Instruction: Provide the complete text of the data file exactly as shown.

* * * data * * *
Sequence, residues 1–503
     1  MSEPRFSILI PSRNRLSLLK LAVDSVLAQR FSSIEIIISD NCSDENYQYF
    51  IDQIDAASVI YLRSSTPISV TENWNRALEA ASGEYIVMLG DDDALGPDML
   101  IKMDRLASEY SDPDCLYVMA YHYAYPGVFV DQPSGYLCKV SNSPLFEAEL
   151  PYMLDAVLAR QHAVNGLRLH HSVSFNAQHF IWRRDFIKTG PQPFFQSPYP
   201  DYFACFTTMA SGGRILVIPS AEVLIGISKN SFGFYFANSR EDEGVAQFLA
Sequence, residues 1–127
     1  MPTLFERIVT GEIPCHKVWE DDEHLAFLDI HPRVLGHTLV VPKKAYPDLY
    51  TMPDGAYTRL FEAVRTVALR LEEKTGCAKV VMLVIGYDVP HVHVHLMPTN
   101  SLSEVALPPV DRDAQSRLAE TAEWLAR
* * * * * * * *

Sequence, residues 1–503
     1  MSEPRFSILI PSRNRLSLLK LAVDSVLAQR FSSIEIIISD NCSDENYQYF
    51  IDQIDAASVI YLRSSTPISV TENWNRALEA ASGEYIVMLG DDDALGPDML
   101  IKMDRLASEY SDPDCLYVMA YHYAYPGVFV DQPSGYLCKV SNSPLFEAEL
   151  PYMLDAVLAR QHAVNGLRLH HSVSFNAQHF IWRRDFIKTG PQPFFQSPYP
   201  DYFACFTTMA SGGRILVIPS AEVLIGISKN SFGFYFANSR EDEGVAQFLA
Sequence, residues 1–127
     1  MPTLFERIVT GEIPCHKVWE DDEHLAFLDI HPRVLGHTLV VPKKAYPDLY
    51  TMPDGAYTRL FEAVRTVALR LEEKTGCAKV VMLVIGYDVP HVHVHLMPTN
   101  SLSEVALPPV DRDAQSRLAE TAEWLAR